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Some Common Council members fear that cuts in the Municipal Housing Authority's public safety unit could cause increased crime and create heavier workloads for the Buffalo Police Department.

They are also worried that the public safety division might be abolished in the wake of continuing cuts in federal aid.

Sharon M. West, the authority's executive director, downplayed speculation that there might be a total phase-out of public safety functions by next summer.

But West said cuts in federal funding make it necessary to proceed with a downsizing that has already eliminated nine officers and will result in three more officers' being cut Dec. 31. Currently, 34 staffers are assigned to public safety.

Starting next month, the Housing Authority plans to eliminate all roving patrol cars, assigning officers to specific housing developments. City police officers would handle all 911 calls.

West said the Police Department already responds to high-priority calls in housing developments. She said the changes must still be approved by the authority's board, but she said she has been directed to proceed with a consolidation of the public safety and management departments.

The state control board that oversees city finances has been encouraging the Housing Authority for months to study strategies for reducing security costs, including the use of other police agencies.

The Common Council has no power over day-to-day operations in the Housing Authority. But some lawmakers prodded housing officials to reconsider cuts in public safety.

University Council Member Bonnie E. Russell, whose district includes the Kenfield/Langfield Housing Development, said she will push for hearings to assess what impact the reductions might have on anti-crime efforts.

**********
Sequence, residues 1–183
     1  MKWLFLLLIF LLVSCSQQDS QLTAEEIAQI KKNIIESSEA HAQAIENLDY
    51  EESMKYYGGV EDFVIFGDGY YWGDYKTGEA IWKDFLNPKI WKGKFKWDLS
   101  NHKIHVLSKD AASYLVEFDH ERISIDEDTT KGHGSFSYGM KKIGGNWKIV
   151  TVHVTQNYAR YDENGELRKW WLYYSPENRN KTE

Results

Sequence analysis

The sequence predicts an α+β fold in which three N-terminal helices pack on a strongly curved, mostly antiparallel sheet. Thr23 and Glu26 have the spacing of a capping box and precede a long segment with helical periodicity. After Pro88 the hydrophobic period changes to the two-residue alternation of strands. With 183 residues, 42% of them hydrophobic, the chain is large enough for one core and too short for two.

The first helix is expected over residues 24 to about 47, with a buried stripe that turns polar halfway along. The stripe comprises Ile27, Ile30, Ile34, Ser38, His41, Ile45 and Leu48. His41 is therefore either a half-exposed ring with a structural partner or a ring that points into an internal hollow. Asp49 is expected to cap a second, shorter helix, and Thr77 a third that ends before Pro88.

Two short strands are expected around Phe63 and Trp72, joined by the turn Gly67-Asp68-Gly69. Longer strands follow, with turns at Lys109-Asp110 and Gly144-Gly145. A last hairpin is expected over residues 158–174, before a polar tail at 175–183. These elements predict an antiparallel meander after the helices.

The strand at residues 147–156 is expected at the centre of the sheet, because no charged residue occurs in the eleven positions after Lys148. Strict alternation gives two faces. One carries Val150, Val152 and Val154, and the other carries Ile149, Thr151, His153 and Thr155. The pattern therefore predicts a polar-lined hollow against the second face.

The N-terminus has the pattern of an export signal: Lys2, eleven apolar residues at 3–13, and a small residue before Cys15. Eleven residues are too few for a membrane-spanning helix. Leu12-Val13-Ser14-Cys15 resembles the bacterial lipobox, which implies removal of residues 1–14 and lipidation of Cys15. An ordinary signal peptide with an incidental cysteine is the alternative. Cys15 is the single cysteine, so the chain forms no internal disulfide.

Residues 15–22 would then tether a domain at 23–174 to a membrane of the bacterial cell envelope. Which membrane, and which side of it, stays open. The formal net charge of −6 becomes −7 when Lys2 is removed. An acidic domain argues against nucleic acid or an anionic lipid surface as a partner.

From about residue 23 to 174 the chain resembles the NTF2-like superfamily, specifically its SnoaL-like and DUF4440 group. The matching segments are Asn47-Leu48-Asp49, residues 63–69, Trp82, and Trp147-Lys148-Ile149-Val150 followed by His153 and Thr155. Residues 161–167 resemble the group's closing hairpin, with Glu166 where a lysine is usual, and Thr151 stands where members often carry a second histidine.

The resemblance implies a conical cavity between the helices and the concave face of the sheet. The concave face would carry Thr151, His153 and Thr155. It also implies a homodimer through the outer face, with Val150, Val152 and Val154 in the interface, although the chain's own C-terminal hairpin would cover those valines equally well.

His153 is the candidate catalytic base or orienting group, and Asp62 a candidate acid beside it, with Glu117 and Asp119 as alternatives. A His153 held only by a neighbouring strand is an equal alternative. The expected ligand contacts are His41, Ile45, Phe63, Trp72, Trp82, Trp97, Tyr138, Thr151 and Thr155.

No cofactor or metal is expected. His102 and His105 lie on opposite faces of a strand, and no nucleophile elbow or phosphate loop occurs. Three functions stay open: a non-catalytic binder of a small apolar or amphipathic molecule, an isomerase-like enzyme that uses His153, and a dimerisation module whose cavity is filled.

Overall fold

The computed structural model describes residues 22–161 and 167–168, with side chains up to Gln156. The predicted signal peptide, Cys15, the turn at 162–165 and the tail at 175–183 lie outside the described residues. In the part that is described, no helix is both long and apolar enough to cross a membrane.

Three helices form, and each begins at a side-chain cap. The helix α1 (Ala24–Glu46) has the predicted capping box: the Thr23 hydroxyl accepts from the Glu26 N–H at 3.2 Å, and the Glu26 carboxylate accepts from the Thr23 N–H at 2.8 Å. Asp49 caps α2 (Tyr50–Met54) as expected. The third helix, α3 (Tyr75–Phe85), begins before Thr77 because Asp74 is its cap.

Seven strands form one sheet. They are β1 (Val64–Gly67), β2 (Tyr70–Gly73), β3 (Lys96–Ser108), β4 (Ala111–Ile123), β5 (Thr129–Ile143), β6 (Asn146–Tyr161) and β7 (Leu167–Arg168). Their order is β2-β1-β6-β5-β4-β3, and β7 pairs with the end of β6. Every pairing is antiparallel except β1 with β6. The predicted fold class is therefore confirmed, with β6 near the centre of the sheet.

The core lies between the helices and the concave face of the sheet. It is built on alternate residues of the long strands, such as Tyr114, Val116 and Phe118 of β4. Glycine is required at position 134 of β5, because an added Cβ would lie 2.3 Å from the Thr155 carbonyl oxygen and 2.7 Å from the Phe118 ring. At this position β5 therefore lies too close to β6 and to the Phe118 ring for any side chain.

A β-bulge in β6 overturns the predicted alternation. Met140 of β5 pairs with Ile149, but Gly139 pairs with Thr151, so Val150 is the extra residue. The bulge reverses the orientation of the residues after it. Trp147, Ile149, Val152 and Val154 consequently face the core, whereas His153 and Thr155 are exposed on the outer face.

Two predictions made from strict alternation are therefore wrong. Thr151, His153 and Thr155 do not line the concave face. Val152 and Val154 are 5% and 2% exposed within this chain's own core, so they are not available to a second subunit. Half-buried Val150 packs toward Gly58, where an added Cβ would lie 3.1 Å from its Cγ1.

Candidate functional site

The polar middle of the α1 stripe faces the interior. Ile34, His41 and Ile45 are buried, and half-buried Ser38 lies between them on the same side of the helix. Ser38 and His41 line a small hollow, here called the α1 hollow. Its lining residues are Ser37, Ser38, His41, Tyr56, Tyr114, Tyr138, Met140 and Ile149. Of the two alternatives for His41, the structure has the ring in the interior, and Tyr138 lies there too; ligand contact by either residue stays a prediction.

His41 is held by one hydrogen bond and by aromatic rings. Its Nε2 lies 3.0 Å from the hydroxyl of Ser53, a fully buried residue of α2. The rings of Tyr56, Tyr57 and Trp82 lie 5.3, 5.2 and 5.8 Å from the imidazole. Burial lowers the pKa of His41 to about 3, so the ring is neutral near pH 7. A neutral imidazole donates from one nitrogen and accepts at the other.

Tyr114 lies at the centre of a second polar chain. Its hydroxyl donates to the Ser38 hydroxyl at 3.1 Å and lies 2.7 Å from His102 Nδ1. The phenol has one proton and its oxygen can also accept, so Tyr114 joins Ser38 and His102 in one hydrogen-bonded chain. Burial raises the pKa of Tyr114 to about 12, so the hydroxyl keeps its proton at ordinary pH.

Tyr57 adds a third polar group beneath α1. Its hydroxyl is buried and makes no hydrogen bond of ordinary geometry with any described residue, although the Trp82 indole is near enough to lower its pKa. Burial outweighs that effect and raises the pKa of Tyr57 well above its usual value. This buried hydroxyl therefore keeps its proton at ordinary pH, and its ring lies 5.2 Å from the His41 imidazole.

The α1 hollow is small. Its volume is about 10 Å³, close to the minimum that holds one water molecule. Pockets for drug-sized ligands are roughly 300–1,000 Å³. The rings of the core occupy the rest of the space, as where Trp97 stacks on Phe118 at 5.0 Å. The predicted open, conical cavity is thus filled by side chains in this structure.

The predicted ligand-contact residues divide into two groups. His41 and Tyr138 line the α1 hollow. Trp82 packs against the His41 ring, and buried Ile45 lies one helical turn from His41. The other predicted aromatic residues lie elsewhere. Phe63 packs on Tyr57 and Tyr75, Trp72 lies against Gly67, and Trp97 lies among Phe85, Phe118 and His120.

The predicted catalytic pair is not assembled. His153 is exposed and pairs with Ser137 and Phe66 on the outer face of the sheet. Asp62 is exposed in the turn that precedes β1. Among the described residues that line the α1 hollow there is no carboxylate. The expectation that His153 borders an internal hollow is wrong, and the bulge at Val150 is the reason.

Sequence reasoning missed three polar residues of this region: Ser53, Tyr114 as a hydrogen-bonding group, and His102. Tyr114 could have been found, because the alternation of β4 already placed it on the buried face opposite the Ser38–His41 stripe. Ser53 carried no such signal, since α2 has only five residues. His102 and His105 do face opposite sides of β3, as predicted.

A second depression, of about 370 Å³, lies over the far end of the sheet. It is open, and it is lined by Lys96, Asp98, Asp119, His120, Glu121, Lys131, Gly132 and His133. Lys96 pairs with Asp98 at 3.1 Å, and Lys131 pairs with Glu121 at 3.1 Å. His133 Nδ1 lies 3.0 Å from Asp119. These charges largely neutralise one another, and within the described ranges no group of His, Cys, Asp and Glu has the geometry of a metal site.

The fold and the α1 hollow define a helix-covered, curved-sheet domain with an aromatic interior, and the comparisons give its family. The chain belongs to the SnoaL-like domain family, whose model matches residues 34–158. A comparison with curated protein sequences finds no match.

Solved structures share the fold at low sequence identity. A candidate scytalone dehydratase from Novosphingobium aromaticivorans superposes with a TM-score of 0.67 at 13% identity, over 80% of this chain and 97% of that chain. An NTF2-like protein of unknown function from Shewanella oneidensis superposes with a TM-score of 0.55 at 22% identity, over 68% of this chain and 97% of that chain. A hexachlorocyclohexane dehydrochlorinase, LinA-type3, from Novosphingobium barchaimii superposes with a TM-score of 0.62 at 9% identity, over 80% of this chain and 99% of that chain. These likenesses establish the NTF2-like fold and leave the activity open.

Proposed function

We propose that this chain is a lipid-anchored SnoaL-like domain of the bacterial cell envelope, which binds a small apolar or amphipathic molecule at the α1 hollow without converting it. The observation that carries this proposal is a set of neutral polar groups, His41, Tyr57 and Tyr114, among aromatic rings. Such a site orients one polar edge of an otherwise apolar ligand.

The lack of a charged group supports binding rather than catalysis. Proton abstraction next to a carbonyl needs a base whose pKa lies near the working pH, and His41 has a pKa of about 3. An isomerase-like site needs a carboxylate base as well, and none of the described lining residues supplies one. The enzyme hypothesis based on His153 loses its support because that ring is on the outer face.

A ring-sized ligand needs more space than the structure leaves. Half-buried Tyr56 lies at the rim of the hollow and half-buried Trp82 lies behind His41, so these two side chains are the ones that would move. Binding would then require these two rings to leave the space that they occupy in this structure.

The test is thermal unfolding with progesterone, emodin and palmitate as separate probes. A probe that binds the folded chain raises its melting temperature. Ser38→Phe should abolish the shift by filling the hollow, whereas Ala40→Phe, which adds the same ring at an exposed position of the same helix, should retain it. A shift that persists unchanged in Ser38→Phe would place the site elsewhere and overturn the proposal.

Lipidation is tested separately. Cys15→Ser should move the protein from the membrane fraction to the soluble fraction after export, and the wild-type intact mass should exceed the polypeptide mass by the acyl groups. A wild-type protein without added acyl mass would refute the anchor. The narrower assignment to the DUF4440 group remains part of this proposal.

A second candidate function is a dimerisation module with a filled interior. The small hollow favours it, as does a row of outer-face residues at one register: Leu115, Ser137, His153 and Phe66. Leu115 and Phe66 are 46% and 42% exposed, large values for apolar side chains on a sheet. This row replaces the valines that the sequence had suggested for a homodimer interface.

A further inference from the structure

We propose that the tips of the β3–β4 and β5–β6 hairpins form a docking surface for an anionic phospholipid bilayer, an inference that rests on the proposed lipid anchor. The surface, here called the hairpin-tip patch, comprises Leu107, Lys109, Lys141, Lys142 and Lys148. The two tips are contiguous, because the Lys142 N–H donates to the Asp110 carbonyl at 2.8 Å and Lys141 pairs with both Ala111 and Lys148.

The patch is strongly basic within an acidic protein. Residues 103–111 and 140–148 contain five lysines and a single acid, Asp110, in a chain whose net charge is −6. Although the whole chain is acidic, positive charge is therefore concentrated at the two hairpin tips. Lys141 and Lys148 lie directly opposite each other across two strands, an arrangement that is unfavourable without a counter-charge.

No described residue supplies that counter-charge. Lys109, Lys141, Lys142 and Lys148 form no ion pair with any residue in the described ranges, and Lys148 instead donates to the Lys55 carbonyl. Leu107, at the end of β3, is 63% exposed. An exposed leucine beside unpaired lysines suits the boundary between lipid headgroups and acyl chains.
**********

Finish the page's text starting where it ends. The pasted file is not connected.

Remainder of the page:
"I think it would be foolish to cut any type of public safety services," said Russell, who plans to put the issue on next
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week's Council meeting agenda.

Joseph Golombek Jr. represents the North District, which is home to several city housing developments. He said police officers in his district are already overworked and handle the highest volume of calls in the city.

"These changes will mean that police officers are going to have additional jobs to do," Golombek said.

Officials from Local 825, Civil Service Employees Association, which represents authority public safety officers, said the unit answers 8,000 to 12,000 calls a year. Many calls involve quality of life issues such as apartment lockouts and tenant disputes.

West disagreed that the changes will place unrealistic burdens on city officers, saying the authority will work closely with the Police Department. She said she doesn't think the downsizing will in any way jeopardize the safety of public housing residents.

West said the authority has lost $1 million in federal funding this year and could lose another $1 million in July.


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